But if so, we have to ask why it is that we appear to have lost sight of the challenge of building Utopia and have, instead, embraced Dystopia, by supposing that city life must forever be an undignified struggle for the lifeboats, between individuals.

While such a great breakdown of solidarity favours the exploiters amongst us, the exploiters alone could not have brought it about by themselves. It was abetted by two, intertwining cultural factors, both of which were bound up with white racism and its reaction to the increasingly multicultural city.

All great cities exercise a pulling-power from near and far, and thus have a tendency to become multicultural sooner or later.

Rather amusingly, the historian Mary Beard reminds us that even in Imperial Rome, the old families of the city, by then a million strong, would sniff that hardly anyone was a ‘proper’ Roman of the sort that had inhabited the city in the days of the Republic, when it was far smaller.

For similar reasons, London has been a diverse sort of a place for longer than we now tend to imagine.

But these days, cities the size of Imperial Rome or Victorian London are no longer as exceptional as they once were. And so, our modern society is also more multicultural than it ever was.

To the extent that it finds a prejudiced audience hankering in some way for the ‘good old days’, the multicultural reality of the modern city undercuts the attempt to create a welcoming metropolis.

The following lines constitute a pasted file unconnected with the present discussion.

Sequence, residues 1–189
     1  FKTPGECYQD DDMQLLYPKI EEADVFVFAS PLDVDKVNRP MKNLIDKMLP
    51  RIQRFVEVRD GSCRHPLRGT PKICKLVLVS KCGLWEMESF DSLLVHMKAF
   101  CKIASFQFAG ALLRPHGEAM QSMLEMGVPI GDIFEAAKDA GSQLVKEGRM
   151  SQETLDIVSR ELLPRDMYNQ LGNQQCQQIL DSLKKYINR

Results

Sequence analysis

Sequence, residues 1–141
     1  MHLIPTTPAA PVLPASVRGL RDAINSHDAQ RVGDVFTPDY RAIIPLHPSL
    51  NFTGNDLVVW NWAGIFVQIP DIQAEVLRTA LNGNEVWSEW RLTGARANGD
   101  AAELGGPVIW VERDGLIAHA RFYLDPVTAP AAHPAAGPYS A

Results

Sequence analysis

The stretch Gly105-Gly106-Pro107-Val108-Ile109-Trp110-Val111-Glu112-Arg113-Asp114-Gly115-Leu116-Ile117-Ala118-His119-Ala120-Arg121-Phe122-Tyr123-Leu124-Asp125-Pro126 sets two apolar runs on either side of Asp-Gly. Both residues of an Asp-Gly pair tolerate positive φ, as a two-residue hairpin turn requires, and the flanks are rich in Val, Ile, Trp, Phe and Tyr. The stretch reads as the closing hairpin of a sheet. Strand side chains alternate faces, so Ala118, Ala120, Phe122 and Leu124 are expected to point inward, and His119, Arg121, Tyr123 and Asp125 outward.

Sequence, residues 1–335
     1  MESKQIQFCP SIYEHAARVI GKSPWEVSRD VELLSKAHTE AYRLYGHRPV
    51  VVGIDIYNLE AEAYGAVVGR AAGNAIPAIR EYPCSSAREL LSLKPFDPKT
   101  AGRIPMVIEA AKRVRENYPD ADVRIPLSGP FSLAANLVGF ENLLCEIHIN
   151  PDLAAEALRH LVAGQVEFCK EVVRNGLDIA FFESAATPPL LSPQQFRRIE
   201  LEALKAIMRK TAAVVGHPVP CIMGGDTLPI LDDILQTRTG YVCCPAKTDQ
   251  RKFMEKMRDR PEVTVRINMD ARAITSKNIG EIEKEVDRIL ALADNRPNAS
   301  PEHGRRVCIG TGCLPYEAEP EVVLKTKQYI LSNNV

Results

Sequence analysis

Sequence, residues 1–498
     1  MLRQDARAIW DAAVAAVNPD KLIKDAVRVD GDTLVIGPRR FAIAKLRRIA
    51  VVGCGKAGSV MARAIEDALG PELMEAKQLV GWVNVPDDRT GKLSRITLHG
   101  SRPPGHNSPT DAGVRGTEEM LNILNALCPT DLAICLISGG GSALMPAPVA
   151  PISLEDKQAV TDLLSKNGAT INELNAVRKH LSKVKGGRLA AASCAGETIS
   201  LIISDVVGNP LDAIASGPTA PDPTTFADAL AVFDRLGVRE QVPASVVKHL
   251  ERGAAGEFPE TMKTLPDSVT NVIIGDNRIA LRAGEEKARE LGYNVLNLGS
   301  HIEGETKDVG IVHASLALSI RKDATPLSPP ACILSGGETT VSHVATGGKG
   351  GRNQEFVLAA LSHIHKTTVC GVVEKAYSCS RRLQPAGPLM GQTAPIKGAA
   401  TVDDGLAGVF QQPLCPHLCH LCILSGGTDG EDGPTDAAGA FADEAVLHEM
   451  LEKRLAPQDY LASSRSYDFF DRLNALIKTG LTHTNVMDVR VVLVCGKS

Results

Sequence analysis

It stokes the idea that the old, established white population, the equivalent the ‘proper’ Romans, should pull up the drawbridge and whip away the welcome mat, that it should make life really difficult for immigrants of every kind and cut back on welfare programmes, job-creation and affordable-housing schemes.

In the lands of settler colonialism, where one may reasonably object that the white population is entirely made up of immigrants itself, there is a further aspect to the reaction against multicultural modernity. This takes the form of an over-identification with past rural frontiers. With the idea that the ‘real nation’ is to be found in some rural Heartland still populated by cowboys.

In this way, investment in its youngest, most recent and most struggling urban populations can be rendered illegitimate without being accused of hypocrisy: at least, so long as nobody mentions the GI Bill or any of the other past assistance that was, historically, extended to white suburbanites.

All of this is familiar enough in the American setting. What’s interesting, though, is the way that strong parallels can also be found in New Zealand, parallels that haven’t been written about nearly as much but which go a long way toward confirming the ‘colorblind racism’ theory of neoliberalism.

It’s to the exploration of neoliberalism as colorblind racism in the New Zealand setting that I turn in the following chapters. It’s an argument that I’m going to ease into, after first taking a look at the widespread but erroneous notion that the true essence of the New World nation — whether we are speaking of the USA or New Zealand, or of several others — is to be found on its bygone rural frontier or present-day ‘Heartland’.

Click here to go to Chapter 13

Jump back to the start of Chapter One

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Chris Harris

Chris Harris

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I am an urban historian from New Zealand with a special interest in New World cities. Somewhere along the line I picked up a PhD on planning and economics.